As yet, commercially available adhesive tape and gecko feet do not really have much in common. But that could change. Material researchers use the reptile as a model for developing reusable adhesive tapes
"What is really important here, is that the gecko always has clean feet", says Hendrik Hölscher, material researcher at the Karlsruhe Institute of Technology (KIT). "For if there is a layer of dust or dirt on the fine hairs, the adhesive force does not work anymore, just like with a dirty sticky tape." Geckos remove dust and dirt by rubbing it off their soles. So far, the structural characteristics of this self-cleaning are based on remained unknown. Hendrik Hölscher and his colleague Michael Röhrig, together with scientists from the Carnegie Mellon University in Pittsburgh, researched the question of how an artificial adhesive tape must be constructed to have a self-cleaning effect that is equal to that of a gecko's foot.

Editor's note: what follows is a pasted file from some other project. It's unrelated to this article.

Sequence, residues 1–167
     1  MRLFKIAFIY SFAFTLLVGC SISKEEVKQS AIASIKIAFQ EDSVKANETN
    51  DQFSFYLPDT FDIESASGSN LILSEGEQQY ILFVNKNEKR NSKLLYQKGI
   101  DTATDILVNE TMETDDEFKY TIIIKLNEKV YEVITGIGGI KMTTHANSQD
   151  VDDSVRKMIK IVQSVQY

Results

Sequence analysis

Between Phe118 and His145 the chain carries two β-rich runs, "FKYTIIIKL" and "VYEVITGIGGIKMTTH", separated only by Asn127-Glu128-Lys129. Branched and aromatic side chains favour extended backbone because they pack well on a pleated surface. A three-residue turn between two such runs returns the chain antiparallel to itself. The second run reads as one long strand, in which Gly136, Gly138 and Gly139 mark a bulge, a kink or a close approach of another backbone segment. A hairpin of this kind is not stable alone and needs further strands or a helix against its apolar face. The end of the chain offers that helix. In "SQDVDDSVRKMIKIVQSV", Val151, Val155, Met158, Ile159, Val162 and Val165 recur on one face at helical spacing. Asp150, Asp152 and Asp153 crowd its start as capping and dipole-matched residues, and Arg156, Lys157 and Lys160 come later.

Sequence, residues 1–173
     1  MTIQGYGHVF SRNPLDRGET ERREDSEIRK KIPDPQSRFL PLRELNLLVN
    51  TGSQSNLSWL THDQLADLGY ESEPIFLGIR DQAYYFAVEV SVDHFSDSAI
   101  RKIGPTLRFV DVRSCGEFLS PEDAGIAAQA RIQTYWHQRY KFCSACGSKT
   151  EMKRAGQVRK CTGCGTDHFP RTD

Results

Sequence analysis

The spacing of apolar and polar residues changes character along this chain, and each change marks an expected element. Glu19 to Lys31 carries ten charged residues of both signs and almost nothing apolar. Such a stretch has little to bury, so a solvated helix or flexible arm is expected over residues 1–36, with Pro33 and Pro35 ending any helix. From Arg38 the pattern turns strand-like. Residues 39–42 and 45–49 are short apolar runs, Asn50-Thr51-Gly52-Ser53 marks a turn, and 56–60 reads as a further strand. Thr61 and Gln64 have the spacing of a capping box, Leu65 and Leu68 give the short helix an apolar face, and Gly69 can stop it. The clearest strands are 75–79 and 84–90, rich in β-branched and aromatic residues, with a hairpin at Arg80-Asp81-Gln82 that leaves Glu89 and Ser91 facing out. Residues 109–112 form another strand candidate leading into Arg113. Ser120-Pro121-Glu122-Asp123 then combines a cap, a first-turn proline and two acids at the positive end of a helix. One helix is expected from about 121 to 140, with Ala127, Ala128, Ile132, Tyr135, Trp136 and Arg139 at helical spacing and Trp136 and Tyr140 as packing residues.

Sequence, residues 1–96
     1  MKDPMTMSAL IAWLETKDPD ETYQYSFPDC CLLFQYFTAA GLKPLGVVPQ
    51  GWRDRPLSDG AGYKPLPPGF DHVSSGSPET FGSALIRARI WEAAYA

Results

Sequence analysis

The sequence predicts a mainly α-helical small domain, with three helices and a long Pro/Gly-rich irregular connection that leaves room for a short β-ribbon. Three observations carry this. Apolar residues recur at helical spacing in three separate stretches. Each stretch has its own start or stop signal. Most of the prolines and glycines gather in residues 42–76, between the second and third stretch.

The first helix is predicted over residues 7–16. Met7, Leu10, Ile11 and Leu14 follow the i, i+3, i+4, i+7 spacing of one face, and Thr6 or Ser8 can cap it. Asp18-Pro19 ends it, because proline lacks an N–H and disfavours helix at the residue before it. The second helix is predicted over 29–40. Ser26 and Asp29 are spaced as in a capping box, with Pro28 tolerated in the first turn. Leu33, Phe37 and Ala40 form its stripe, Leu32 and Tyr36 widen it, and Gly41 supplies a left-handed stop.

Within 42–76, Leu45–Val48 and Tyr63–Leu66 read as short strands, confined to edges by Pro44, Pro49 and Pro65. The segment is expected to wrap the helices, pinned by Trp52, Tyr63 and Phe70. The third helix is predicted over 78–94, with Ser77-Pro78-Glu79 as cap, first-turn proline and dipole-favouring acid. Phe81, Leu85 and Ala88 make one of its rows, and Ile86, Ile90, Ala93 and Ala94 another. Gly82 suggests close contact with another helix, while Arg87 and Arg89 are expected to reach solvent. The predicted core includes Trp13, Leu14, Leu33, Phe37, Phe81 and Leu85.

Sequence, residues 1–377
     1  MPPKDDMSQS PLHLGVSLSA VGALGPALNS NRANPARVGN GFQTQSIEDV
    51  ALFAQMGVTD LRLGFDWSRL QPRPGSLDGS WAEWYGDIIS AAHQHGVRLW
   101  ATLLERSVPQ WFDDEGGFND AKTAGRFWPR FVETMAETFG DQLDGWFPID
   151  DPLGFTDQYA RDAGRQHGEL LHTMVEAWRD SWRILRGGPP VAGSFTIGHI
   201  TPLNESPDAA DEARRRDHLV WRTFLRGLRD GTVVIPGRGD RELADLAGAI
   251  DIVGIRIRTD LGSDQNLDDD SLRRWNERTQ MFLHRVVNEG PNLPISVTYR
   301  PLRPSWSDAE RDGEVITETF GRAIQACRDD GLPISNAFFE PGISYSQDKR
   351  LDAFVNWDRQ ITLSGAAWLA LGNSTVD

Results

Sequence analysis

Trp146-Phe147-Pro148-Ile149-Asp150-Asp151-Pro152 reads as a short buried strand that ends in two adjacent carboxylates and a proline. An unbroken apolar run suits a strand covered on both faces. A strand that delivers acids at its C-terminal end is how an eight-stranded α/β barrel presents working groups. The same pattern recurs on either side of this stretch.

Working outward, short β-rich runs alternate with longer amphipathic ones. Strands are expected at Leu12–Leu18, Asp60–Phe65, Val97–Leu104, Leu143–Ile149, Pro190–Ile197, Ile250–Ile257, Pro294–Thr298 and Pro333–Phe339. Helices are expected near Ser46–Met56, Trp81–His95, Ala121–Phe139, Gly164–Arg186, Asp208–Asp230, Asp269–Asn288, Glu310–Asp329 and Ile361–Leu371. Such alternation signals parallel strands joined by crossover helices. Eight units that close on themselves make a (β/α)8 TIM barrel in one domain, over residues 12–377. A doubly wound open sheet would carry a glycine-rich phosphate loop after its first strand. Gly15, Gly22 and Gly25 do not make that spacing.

The researchers designed an adhesive tape with elastic, artificial microhairs. Tiny glass spheres acted as dirt particles. Using a special apparatus, the artificial adhesive tape was pressed onto the glass spheres. Then the adhesive force was measured after soiling and subsequent cleaning. The researchers simulated the cleaning process by pushing the tape sideways across a glass surface. "Since we assumed that the size of the fine hairs could play a role in the self-cleaning process, we have investigated various sizes of microhairs and glass spheres", explains Hölscher. "When the diameter of the glass spheres was larger than the diameter of the microhairs, the spheres were brushed off and the adhesive tape regained almost 100 per cent of its original adhesive force after about ten cleaning moves."